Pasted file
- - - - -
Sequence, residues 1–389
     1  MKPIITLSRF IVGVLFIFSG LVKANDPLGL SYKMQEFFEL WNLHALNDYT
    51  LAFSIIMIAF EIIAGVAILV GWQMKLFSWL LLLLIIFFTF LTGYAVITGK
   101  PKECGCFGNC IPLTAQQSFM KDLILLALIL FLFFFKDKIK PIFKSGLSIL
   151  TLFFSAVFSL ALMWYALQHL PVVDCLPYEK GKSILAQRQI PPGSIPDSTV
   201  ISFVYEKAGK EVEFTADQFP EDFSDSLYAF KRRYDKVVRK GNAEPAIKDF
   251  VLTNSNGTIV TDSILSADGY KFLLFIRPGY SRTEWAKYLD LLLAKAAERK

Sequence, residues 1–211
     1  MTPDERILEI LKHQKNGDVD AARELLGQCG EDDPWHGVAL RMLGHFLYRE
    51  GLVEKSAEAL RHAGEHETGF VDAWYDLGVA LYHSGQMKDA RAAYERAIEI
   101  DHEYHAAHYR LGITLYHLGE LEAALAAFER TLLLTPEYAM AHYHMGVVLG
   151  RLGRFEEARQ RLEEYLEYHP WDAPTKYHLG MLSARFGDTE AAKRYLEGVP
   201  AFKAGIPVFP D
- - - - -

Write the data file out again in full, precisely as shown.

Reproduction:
Sequence, residues 1–389
     1  MKPIITLSRF IVGVLFIFSG LVKANDPLGL SYKMQEFFEL WNLHALNDYT
    51  LAFSIIMIAF EIIAGVAILV GWQMKLFSWL LLLLIIFFTF LTGYAVITGK
   101  PKECGCFGNC IPLTAQQSFM KDLILLALIL FLFFFKDKIK PIFKSGLSIL
   151  TLFFSAVFSL ALMWYALQHL PVVDCLPYEK GKSILAQRQI PPGSIPDSTV
   201  ISFVYEKAGK EVEFTADQFP EDFSDSLYAF KRRYDKVVRK GNAEPAIKDF
   251  VLTNSNGTIV TDSILSADGY KFLLFIRPGY SRTEWAKYLD LLLAKAAERK

Sequence, residues 1–211
     1  MTPDERILEI LKHQKNGDVD AARELLGQCG EDDPWHGVAL RMLGHFLYRE
    51  GLVEKSAEAL RHAGEHETGF VDAWYDLGVA LYHSGQMKDA RAAYERAIEI
   101  DHEYHAAHYR LGITLYHLGE LEAALAAFER TLLLTPEYAM AHYHMGVVLG
   151  RLGRFEEARQ RLEEYLEYHP WDAPTKYHLG MLSARFGDTE AAKRYLEGVP
   201  AFKAGIPVFP D